August 2002

We are nearing the end of the third quarter of 2002. It hardly seems possible.

New labour legislation was promulgated on the 1st August 2002. These were amendments to both the Basic Conditions of Employment Act and the Labour Relations Act. As a result we will be contacting you to revise the policy and procedure manuals to comply with the new legislation.

The amendments were in fact contained in the previous acts, but were open to interpretation. The new phrasing makes the intentions of the acts perfectly clear. The main points to note are as follows:



The provision of a probation period for a new employee is very clearly stated and includes responsibility for the employer to counsel, train and set very clear standards. The act however, states that should these processes have been followed then termination of the contract should not be as onerous as it would be for an employee who is not on probation. The notice period has been reduced to one week for a six month period.



The process to be followed to retrench employees has been described in the act as a “joint consensus-seeking” process. Employees are entitled to have information regarding previous retrenchments carried out by the employer, have a freer access to the labour court and may request facilitation. They also have limited powers to call a strike.



These provisions have been more clearly stated in the act. Employees transferring from one company to another have the right to continuity of service and it is regarded as an unfair labour practice to offer them employment on less favourable terms than those they enjoyed with their previous employer.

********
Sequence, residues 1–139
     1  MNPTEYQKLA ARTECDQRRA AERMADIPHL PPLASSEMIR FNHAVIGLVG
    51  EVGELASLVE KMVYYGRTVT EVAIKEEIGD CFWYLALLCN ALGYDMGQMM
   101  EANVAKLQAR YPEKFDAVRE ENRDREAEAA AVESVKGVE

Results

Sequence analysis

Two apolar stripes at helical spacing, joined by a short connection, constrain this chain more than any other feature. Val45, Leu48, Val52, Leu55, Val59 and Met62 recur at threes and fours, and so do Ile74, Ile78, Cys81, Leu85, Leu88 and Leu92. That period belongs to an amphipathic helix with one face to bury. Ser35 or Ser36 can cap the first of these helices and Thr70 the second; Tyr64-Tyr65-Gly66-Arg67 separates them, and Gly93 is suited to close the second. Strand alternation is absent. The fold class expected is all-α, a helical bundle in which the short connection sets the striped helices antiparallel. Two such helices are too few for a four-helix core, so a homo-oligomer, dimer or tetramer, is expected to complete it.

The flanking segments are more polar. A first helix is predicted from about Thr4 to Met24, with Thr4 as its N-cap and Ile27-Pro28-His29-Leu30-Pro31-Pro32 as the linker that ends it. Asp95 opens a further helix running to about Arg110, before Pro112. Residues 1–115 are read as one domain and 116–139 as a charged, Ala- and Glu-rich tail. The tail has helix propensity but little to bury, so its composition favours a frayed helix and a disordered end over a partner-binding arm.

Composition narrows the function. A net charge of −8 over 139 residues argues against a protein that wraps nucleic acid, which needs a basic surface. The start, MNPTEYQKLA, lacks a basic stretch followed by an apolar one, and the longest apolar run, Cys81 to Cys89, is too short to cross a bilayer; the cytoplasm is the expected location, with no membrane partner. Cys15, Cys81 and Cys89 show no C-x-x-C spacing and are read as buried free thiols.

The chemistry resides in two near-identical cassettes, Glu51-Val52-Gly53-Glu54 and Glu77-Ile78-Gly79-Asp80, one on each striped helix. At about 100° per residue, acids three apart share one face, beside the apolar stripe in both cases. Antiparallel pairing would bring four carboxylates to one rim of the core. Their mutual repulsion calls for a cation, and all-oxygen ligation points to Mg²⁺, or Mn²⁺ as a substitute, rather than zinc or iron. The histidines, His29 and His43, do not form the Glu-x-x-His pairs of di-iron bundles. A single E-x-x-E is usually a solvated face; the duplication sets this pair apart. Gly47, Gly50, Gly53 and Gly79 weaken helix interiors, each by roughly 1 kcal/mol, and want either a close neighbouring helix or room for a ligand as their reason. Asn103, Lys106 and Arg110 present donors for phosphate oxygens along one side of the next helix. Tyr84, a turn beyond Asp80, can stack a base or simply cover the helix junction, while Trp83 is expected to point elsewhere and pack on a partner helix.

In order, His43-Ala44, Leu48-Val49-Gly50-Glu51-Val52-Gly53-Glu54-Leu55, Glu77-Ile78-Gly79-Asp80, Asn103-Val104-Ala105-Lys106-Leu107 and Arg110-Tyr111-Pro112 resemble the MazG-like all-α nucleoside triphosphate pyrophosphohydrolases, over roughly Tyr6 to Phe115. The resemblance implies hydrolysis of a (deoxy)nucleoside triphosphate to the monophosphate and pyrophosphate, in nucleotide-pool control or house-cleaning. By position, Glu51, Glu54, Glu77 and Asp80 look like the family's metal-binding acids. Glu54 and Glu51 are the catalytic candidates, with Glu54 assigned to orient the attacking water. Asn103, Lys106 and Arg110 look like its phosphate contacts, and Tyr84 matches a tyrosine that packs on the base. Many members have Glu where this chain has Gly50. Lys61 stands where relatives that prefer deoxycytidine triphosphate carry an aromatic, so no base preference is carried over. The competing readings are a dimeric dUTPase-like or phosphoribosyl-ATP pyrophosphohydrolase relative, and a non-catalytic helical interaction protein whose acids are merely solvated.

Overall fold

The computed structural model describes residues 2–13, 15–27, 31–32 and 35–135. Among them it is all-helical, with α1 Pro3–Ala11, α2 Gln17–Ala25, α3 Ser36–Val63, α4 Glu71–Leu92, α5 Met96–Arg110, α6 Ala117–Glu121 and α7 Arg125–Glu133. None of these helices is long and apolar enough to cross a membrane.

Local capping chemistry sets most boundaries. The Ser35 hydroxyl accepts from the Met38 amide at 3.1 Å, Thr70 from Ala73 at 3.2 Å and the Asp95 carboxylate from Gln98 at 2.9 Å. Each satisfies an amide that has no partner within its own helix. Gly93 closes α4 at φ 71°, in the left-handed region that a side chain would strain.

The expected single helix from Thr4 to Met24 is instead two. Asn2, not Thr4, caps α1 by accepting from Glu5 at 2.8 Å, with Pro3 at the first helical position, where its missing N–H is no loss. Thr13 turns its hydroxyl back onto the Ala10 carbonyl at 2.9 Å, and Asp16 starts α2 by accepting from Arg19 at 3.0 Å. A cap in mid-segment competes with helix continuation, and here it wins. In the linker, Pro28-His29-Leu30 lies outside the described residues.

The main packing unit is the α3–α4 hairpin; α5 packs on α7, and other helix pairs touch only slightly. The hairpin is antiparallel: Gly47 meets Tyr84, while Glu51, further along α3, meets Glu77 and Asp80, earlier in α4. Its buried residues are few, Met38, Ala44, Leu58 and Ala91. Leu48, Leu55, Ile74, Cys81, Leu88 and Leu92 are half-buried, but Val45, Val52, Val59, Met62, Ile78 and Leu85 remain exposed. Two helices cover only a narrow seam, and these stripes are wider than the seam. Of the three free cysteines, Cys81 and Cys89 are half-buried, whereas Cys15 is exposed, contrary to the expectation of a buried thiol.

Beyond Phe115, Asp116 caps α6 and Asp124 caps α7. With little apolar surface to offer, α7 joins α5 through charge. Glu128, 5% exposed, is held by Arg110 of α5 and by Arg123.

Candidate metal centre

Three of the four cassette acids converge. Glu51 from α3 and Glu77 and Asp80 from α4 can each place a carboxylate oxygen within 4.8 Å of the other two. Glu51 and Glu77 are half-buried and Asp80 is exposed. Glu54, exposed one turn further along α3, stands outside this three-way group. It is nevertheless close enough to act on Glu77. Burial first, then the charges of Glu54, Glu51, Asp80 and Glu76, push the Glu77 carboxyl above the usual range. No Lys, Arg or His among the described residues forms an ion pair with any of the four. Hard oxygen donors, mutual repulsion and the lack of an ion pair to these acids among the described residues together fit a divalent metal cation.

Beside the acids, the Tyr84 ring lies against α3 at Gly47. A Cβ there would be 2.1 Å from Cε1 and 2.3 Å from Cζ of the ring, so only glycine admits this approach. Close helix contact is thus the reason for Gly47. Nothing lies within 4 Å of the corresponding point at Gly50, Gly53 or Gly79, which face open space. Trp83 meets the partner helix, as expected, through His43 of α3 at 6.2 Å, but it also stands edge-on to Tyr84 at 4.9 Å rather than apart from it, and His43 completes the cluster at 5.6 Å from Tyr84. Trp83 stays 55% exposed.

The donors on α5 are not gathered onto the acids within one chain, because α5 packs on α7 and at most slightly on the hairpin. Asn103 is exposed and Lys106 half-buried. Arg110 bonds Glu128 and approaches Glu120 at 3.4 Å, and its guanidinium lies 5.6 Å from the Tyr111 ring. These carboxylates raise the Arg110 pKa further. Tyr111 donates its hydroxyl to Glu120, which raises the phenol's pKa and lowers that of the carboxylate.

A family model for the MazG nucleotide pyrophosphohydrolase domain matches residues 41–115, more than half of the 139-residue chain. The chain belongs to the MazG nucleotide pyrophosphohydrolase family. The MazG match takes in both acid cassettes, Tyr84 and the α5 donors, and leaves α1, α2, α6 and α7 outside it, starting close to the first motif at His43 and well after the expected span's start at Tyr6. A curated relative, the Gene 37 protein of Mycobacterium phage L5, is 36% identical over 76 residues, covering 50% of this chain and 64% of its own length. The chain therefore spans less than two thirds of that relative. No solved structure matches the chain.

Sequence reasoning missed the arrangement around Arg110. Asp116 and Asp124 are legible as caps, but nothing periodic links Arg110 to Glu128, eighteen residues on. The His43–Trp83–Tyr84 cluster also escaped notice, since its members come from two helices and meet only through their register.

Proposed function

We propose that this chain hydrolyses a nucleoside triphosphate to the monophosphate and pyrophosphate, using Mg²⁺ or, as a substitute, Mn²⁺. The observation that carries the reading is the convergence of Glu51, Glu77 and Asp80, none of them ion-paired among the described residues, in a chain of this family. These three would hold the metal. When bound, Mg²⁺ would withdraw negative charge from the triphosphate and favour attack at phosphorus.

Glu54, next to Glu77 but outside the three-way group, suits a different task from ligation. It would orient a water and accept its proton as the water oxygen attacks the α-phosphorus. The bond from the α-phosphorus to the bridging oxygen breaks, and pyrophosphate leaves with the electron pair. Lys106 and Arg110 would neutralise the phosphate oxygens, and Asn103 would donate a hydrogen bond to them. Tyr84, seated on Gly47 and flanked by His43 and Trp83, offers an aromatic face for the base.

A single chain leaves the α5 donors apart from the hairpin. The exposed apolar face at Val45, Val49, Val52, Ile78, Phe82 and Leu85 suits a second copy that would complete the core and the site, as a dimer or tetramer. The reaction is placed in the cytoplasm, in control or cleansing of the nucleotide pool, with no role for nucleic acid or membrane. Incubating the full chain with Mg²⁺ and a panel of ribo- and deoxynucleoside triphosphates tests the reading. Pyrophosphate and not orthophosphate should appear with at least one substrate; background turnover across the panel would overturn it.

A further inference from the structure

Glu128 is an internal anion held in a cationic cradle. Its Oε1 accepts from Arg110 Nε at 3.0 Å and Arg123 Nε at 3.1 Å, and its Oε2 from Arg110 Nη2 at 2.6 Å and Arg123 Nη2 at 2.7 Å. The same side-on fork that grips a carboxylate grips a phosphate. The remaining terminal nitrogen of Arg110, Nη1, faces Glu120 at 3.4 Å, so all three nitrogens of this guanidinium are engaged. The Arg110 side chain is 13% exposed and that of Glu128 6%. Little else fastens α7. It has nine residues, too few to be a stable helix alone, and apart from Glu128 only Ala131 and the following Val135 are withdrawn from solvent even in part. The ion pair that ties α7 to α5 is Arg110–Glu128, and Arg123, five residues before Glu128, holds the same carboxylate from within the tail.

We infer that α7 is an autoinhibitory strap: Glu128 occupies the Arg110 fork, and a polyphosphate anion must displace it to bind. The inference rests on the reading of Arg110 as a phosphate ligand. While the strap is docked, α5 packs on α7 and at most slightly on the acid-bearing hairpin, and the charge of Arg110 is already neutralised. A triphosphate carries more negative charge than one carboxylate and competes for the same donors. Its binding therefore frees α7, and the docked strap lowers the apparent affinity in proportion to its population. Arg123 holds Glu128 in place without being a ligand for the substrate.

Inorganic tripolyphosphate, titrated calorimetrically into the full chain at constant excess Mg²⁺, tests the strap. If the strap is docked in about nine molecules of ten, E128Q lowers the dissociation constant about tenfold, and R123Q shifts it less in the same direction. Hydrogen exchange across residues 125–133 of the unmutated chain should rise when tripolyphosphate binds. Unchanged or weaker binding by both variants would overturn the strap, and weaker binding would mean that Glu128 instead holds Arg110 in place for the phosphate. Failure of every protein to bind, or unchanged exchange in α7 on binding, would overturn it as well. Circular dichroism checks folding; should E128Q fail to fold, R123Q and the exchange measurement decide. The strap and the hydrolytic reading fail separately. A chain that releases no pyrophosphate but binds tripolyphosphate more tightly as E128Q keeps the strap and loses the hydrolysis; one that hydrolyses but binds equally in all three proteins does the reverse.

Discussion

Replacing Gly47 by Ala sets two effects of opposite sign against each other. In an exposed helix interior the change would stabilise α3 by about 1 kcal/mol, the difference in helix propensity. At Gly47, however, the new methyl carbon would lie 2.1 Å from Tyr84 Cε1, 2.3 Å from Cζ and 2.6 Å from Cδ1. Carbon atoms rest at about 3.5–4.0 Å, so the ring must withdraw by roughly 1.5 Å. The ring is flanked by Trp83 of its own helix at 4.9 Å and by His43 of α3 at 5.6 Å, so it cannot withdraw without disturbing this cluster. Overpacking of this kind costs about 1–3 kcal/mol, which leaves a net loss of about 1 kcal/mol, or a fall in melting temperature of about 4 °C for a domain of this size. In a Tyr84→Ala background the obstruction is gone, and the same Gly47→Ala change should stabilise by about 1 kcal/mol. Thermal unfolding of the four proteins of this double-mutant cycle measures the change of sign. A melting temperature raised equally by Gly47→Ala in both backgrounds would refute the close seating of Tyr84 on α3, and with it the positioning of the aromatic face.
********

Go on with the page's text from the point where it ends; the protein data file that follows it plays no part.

The definition of an employee has been redefined as follows:


A person who works for, or renders services to, any other person is presumed, until the contrary is proved, to be an employee, regardless of the form of the contract, if any one or more of the following factors is present:

  1. the manner is which the person works is subject to the control or direction of another person;
  2. the person’s hours of work are subject to the control or direction of another person;
  3. in the case of a person who works for an organisation, the person is a part of that organisation;
  4. the person has worked for that other employer for an average of at least 40 hours per month over the last three months;
  5. the person is economically dependent on the other person for whom he or she works or renders services;
  6. the person is provided with tools of trade or work equipment by the other person; or
  7. the person only works for or renders services to one person.

Subsection 1 does not apply to any person who earns in excess of the amount determined by the Minister in terms of section 6 (3) of the Basic Conditions of Employment Act.

The amount referred to above is currently R89 455-00 per annum.

NEDLAC is currently preparing a Code of Good Practice to set out guidelines for determining whether persons, including those who earn in excess of the amount determined by the minister are employees.



The BCE act had a target to reduce the hours of work to 40 hours in a five-year period. In many industries this has now been achieved. However, the new amendments have limited the amount of overtime a person may work to 15 hours, despite any agreement, which may be reached between the employee and the employer.

As a result of these amendments we will be revising all existing policy and procedure manuals in order to ensure compliance with these acts. We are currently promoting our two-day Industrial Relations Course, which explains the acts affecting the management of staff,

i.e. Basic Conditions of Employment Act
Labour Relations Act
Employment Equity Act
Skills Development Act
Occupational Health and Safety Act
Workmen’s Compensation Act
Unemployment Insurance Act

For more information please contact:
Desrae Connold (082-885-0124) or
Sasha Zito (082-805-5561).

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